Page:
Escaped Defects

This metric counts the number of defects or bugs reported by customers after a release. Although not a direct measure of velocity, a high number of escaped defects might indicate that a team is prioritizing speed over quality.

Technical Debt

A measure of how much "quick and dirty" work is in the code, which will need to be paid back later for maintaining the software. Like escaped defects, rising technical debt might be a sign that velocity is coming at the expense of code quality.

Customer Satisfaction

While more qualitative, customer feedback can offer insights into whether the pace of delivering features and fixes aligns with user needs and expectations.

Story Points

  • During sprint planning, the team assigns a point value to each user story based on its estimated complexity.
  • At the end of the sprint, add up the points for all completed stories. This sum is the team's velocity for that sprint.
  • Velocity can be volatile. To get a more consistent measure, average the velocity over the last three to five sprints.

4. Common Mistakes

One of the most important parts of looking at velocity on your engineering team is understanding why you are tracking velocity and what you are hoping to optimize for. There is no “universal standard” of objective velocity across the industry to benchmark against, since codebases, tech stacks, and businesses are so different. Some things to keep in mind are:

  • Comparing Teams: Every team is unique. Avoid comparing velocities between teams as it can lead to incorrect assumptions and unhealthy competition.
  • Overemphasis on Velocity: Velocity is a diagnostic metric, not a performance metric. Pushing a team to increase velocity without addressing underlying issues can lead to burnout and decreased quality.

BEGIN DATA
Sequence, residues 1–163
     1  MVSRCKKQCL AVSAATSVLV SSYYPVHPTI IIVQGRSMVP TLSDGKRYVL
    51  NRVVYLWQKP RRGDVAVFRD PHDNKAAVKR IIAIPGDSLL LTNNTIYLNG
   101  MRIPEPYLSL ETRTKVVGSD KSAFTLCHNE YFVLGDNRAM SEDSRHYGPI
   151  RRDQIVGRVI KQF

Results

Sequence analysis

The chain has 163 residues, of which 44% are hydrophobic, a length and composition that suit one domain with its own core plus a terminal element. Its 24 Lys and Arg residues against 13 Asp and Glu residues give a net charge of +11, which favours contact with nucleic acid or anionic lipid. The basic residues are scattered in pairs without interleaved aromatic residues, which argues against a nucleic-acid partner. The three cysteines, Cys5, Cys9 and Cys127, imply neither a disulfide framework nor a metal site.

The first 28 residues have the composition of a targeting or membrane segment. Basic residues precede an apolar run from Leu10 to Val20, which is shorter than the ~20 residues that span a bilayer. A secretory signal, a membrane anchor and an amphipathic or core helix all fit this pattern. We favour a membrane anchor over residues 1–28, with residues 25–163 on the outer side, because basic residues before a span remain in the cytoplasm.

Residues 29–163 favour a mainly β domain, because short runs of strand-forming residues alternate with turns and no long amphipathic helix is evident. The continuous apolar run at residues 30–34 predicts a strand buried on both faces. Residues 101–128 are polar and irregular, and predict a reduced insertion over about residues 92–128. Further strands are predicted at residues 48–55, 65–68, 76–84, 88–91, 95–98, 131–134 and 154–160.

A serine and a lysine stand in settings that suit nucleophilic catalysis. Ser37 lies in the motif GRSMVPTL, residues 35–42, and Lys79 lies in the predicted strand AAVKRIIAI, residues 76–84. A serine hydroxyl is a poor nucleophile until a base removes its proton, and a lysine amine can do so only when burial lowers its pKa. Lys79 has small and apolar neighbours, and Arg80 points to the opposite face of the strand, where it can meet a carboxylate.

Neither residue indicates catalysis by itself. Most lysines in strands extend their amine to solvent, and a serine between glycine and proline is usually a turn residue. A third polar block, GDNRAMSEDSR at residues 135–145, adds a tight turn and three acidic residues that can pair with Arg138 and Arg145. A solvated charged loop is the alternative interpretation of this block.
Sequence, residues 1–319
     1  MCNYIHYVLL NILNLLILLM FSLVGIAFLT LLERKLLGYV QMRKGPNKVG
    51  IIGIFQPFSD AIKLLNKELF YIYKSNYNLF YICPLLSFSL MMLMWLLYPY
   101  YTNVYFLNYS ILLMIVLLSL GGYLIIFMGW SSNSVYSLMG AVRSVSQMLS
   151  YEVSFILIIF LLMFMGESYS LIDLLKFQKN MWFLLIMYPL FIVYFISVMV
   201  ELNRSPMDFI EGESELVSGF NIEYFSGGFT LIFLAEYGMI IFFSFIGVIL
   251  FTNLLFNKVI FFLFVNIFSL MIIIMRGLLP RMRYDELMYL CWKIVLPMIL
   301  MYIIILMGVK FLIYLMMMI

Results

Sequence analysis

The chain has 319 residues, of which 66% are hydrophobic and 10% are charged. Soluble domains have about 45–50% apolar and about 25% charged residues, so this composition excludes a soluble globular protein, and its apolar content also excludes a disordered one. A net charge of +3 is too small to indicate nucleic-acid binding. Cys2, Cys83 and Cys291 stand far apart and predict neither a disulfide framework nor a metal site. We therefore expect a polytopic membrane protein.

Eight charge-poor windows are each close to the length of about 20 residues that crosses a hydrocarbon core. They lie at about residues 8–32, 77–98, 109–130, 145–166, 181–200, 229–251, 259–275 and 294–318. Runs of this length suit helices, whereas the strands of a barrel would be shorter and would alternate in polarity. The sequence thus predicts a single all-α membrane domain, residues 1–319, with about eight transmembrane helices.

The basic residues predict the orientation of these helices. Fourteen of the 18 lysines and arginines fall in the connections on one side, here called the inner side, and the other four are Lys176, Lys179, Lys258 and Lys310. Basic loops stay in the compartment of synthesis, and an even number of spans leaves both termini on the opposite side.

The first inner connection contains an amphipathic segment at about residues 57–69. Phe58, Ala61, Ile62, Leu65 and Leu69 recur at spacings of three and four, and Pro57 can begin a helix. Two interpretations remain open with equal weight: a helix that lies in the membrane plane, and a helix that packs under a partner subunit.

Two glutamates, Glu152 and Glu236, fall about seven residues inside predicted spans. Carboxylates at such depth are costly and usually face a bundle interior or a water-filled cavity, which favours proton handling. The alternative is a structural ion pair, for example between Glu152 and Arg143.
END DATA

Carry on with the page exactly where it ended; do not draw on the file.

• Inconsistent Point Estimation: From a planning POV, ensure that the team has a shared understanding of what each point value represents.

5. Best Practices

Measuring velocity can certainly help your team move faster, if you do it right. Keep these best practices in mind when you are looking at your team.

A. Regularly Refine Estimations and Metrics:

  • Hold estimation sessions to ensure alignment in understanding the size and complexity of tasks or of code shipped.

B. Factor in Non-Development Work:

  • Include activities like code reviews, bug fixes, and meetings. They consume time and should be accounted for.
  • Also account for infrastructure toil and coordination. Often this is some of the lowest-hanging fruit in increasing velocity. If you want to get some help, feel free to chat with us at Coherence!

C. Review and Adjust:

  • Continuously monitor velocity and discuss anomalies or changes during retrospectives.
  • Getting input from your team is the best way to improve your metrics and your understanding of them.

6. Remember the Bigger Picture

Velocity is just one metric among many. While it can provide insights into a team's capacity and performance, it shouldn't be used in isolation. Other qualitative measures, like code quality, customer satisfaction, and team morale, are also important.


Measuring engineering velocity is a valuable exercise for software teams aiming to improve their processes and deliver value consistently. By understanding its nuances and potential pitfalls, teams can use velocity as a tool for growth and continuous improvement rather than a blunt instrument of judgment.

We’ve been speaking with a ton of people as we look at our velocity metrics feature set at Coherence. The most important thing we’ve learned is that teams are hungry for more metrics around velocity, and they often still rely on manual scripting or cobbling together metrics from github and spreadsheets. If you're interested in measuring your team's efficiency check out our new PR Efficiency Scorecard which we just released.